Cataracts are something that everyone develops as they get older. A cataract is a cloudiness of the natural lens of your eye. When this happens, your vision gets blurry. You also may have more difficulty driving at night or in the rain. You may see halos around lights and are more bothered by glare. Colors appear to be washed out. When your vision is no longer correctable to 20/20 with glasses or contact lenses anymore, it's probably time to start thinking about cataract surgery.
Well...a new study mentions that visual impairment has been associated with lower cognitive ability among older adults. And the study shows that improved vision after cataract surgery is associated with slower cognitive decline. Although the study doesn't identify the mechanism to explain the relationship of reduced brain function and cataracts, it's thought that more sensory input to the brain is better for cognitive function.
The difference is pretty significant. Cataract surgery can slow down cognitive decline as much as 50%! The same goes with hearing loss. Those who wearing hearing aids for hearing loss can reduce cognitive decline up to 75%!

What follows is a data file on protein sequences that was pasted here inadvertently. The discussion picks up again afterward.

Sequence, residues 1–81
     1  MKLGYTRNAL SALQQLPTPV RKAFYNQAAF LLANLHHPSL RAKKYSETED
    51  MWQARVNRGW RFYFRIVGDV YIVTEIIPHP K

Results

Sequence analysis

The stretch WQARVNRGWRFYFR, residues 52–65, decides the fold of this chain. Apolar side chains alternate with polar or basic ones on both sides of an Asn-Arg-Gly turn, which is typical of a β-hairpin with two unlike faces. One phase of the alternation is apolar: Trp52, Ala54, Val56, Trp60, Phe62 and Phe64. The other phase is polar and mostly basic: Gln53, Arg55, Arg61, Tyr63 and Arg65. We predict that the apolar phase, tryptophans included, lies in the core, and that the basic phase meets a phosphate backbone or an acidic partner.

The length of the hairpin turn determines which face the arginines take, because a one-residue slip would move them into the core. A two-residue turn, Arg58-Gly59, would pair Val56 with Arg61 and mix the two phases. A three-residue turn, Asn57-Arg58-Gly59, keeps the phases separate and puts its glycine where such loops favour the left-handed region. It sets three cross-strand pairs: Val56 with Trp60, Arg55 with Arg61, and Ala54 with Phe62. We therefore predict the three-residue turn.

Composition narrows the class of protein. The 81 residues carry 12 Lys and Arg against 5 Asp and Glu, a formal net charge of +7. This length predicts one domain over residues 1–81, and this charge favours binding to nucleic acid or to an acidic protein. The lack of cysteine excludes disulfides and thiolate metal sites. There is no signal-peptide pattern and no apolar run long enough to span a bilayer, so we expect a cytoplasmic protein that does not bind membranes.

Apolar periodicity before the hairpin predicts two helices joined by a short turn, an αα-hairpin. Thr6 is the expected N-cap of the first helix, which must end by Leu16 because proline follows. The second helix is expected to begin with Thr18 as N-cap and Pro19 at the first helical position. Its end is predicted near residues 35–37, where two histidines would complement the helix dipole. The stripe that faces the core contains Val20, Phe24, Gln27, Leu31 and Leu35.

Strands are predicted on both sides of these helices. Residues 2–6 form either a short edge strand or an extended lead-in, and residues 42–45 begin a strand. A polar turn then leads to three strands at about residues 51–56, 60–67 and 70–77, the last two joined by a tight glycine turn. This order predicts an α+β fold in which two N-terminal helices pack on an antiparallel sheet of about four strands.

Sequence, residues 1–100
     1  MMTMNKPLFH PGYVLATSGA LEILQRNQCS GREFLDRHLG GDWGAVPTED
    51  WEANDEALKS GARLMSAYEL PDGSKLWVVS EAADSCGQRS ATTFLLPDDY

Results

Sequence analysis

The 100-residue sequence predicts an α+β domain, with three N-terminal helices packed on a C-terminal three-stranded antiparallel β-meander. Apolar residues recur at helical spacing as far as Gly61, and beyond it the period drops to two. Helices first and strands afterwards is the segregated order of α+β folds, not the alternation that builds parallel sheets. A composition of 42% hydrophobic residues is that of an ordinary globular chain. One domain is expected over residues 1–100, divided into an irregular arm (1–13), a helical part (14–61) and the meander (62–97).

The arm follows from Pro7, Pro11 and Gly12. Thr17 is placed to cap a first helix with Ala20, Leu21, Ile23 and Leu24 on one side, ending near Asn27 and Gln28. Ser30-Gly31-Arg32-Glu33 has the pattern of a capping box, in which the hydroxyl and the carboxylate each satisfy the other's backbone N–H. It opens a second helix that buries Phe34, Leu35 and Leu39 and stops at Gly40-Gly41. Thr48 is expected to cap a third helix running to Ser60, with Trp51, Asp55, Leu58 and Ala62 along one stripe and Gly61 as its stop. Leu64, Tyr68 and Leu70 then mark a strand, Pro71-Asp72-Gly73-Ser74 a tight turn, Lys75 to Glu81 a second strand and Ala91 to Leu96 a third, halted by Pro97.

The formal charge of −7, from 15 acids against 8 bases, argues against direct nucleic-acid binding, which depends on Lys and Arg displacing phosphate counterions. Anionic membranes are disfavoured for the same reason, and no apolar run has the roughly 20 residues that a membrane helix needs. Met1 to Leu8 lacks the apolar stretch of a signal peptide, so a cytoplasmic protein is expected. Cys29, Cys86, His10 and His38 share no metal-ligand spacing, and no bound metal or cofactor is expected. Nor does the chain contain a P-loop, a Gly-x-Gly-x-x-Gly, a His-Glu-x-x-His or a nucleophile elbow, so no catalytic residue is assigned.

As an optometrist, I diagnose and manage cataract patients, recommending cataract surgery when the time is right. Will this study influence me to recommend cataract surgery sooner than later? Maybe. What I can tell you is that the amount of people after cataract surgery who say "I wish I would have done this (cataract surgery) sooner" is very high.
So, if your vision is blurred or you have any of the other symptoms at the beginning of this blog post, please consider coming in to our office for an eye exam. Maybe you'll just need an update in your eyeglasses or contact lens prescription. But if you are having issues due to cataracts, I'll make you to get you the right referral for cataract surgery when you're ready...sooner than later, of course!